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Everything You Need To Know About The Democratic Debate

A recap of the October 2019 Democratic debate.

Unlike previous debates, Warren spoke the most in the October 15th debate, pushing both Sanders and Biden out of the spotlight. The Ohio debate was also notable for moderates such as Klobuchar and Buttigieg attacking frontrunners.

NY Times reporter Marc Lacey and CNN news anchors Erin Burnett and Anderson Cooper moderated the debate with a record number of 12 candidates on stage. Cooper opened by asking the candidates about impeachment, amidst the ongoing investigation into President Trump’s threatening Ukraine.

While all the candidates agreed that the impeachment inquiry were justified, some disagreed with the current proceedings. Klobuchar, Gabbard and O’Rourke all agreed that the movement distracted from the need for better healthcare and other proposals sitting on the floor of Congress. Booker and Gabbard stated that it would further the divide between parties. Buttigieg thought that impeachment should be bipartisan and that Republicans were making a mistake in opposing impeachment.

Foreign policy began the middle third of the debate with the question of whether the candidates would send troops back to Syria. The two veterans onstage disagreed with each other. Buttigieg saw it as a matter of maintaining the US’s credibility, while Gabbard believed that remaining in Syria would only strengthen terrorists. Gabbard also discussed how the NY Times and CNN had smeared her campaign. Biden agreed with Buttigieg, while Warren said that troops should remain out of Syria.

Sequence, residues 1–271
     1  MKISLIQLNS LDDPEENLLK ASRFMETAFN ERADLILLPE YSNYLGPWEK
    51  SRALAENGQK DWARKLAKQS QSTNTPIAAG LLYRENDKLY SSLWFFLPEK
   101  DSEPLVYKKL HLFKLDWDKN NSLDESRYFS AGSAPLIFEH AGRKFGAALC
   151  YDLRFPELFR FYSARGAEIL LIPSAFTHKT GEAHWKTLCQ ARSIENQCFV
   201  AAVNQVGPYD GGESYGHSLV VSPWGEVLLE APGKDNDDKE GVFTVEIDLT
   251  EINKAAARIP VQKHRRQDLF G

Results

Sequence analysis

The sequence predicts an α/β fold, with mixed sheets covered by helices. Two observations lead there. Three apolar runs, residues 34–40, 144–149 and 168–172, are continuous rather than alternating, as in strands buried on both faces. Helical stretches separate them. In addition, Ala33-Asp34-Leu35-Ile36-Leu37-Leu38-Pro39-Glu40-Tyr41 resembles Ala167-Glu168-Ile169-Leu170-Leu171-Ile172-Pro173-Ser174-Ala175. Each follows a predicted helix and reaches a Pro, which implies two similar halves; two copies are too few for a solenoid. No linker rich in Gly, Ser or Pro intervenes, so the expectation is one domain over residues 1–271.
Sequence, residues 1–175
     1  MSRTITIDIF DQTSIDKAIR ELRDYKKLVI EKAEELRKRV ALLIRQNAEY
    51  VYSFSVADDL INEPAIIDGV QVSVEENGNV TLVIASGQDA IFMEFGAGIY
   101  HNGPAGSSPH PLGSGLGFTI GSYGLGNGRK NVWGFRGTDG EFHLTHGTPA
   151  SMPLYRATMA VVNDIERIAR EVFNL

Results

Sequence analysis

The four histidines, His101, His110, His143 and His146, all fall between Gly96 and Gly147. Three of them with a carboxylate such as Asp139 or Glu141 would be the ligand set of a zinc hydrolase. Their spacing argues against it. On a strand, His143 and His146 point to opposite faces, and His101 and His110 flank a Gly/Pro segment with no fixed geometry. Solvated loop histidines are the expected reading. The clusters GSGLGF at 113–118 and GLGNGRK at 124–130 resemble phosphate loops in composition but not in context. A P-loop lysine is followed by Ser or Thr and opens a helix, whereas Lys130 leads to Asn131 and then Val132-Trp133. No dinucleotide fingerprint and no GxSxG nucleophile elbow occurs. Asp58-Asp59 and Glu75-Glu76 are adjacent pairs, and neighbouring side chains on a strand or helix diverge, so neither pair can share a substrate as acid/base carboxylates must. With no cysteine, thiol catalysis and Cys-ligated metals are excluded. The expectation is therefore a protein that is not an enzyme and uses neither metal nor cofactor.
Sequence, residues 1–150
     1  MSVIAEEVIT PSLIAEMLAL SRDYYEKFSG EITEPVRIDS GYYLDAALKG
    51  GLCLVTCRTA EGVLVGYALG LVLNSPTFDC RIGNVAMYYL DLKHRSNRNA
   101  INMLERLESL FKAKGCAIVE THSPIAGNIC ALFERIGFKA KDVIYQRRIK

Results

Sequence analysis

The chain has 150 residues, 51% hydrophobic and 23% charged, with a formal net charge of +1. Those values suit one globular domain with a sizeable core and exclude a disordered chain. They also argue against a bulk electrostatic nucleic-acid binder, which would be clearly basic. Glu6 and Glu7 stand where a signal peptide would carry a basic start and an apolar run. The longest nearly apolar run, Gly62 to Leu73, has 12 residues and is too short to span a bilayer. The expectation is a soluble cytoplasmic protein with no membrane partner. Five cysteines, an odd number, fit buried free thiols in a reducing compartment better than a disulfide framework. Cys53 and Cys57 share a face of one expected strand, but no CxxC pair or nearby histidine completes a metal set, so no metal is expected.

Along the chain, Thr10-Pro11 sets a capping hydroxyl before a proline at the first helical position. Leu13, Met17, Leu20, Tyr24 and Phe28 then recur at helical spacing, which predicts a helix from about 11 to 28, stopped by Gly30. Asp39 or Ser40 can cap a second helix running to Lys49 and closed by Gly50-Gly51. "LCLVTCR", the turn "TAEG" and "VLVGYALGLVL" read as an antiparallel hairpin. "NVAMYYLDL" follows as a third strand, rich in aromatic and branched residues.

Lacey started the conversation on medicare by asking Warren how she would pay for her Medicare for All plan. A major policy that she has been pushing for, Warren was unable to provide exact details about how the cost of it would be covered. While she stated that taxes for the upper classes will most likely be raised, while also lowering working class ones, Buttigieg started an argument about the vagueness of her plan.

Guns, while a large focus of previous debates, were barely touched. Only eight candidates were able to speak about this issue, with three of them supporting mandatory buyback of assault weapons. Warren, Klobuchar, Biden, Castro, and Buttigieg all believed that a voluntary buyback would be more effective, with Klobuchar stating that something needed to get done. Buttigieg also pushed the point that steps also had to be taken against the NRA.

After three hours, Anderson Cooper asked the candidates to talk about a surprising friendship that impacted their beliefs, a question inspired by Ellen DeGeneres’ friendship with former president George W. Bush. The question later sparked controversy on Twitter, with many viewers expressing frustration that such a question was asked instead of focusing on issues such as climate change.

Since the October debate, Michael Bloomberg and Deval Patrick have entered the democratic race to replace O’ Rourke and Kamala Harris.

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